Take the 2-minute tour ×
Stack Overflow is a question and answer site for professional and enthusiast programmers. It's 100% free, no registration required.

Consider the text classification problem of spam or not spam with the Naive Bayes algorithm.

The question is the following:

how do you make predictions about a document W = if in that set of words you see a new word wordX that was not seen at all by your model (so you do not even have a laplace smoothing probabilty estimated for it)?

Is the usual thing to do is just ignore that wordX eventhough it was seen in the current text because it has no probability associated with? I.e. I know sometimes the laplace smoothing is used to try to solve this problem, but what if that word is definitively new?

Some of the solutions that I've thought of:

1) Just ignore that words in estimating a classification (most simple, but sometimes wrong...?, however, if the training set is large enough, this is probably the best thing to do, as I think its reasonable to assume your features and stuff were selected well enough if you have say 1M or 20M data).

2) Add that word to your model and change your model completely, because the vocabulary changed so probabilities have to change everywhere (this does have a problem though since it could mean that you have to update the model frequently, specially if your analysis 1M documents, say)

I've done some research on this, read some of the Dan Jurafsky NLP and NB slides and watched some videos on coursera and looked through some research papers but I was not able to find something I found useful. It feels to me this problem is not new at all and there should be something (a heuristic..?) out there. If there isn't, it would be awesome to know that too!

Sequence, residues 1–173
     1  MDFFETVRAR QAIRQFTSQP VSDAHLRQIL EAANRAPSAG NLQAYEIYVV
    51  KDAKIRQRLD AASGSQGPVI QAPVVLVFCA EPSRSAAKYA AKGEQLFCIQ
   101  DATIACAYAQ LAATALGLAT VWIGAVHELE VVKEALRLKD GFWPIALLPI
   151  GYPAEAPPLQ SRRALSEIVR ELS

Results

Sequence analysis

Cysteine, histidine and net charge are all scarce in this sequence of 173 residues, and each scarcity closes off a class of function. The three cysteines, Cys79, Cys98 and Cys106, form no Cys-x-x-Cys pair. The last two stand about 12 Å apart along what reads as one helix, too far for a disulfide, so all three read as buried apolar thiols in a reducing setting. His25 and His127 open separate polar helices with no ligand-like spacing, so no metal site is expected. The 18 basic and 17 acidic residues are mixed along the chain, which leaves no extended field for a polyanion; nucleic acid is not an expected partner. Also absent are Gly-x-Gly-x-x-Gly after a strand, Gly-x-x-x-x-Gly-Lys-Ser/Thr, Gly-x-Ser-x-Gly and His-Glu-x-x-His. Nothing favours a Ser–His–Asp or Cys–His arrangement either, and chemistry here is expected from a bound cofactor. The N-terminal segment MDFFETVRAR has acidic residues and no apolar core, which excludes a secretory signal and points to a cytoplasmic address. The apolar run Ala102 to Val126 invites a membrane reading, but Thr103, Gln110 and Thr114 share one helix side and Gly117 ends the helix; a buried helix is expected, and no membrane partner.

Hope this is a useful post for the community and Thanks in advance.

PS: to make the issue a little more explicit with one of the solutions I've seen is, say that we see an unknown new word wordX in a spam, then for that word we can do 1/ count(spams) + |Vocabulary + 1|, the issue I have with doing something like that is that, then, does that mean we change the size of the vocabulary and now, every new document we classify, has a new feature and vocabulary word? This video seems to attempt to solve that issue but I'm not sure if either, thats a good thing to do or 2, maybe I have misunderstood it:

https://class.coursera.org/nlp/lecture/26

share|improve this question

1 Answer 1

From a practical perspective (keeping in mind this is not all you're asking), I'd suggest the following framework:

  1. Train a model using an initial train set, and start using it for classificaion

  2. Whenever a new word (with respect to your current model) appears, use some smoothing method to account for it. e.g. Laplace smoothing, as suggested in the question, might be a good start.

  3. Periodically retrain your model using new data (usually in addition to the original train set), to account for changes in the problem domain, e.g. new terms. This can be done on preset intervals, e.g once a month; after some number of unknown words was encountered, or in an online manner, i.e. after each input document.

This retrain step can be done manually, e.g. collect all documents containing unknown terms, manually label them, and retrain; or using semi-supervised learning methods, e.g. automatically add the highest scored spam/ non spam documents to the respective models.

This will ensure your model stays updated and accounts for new terms - by adding them to the model from time to time, and by accounting for them even before that (simply ignoring them is usually not a good idea).

share|improve this answer

Your Answer

 
discard

By posting your answer, you agree to the privacy policy and terms of service.

Not the answer you're looking for? Browse other questions tagged or ask your own question.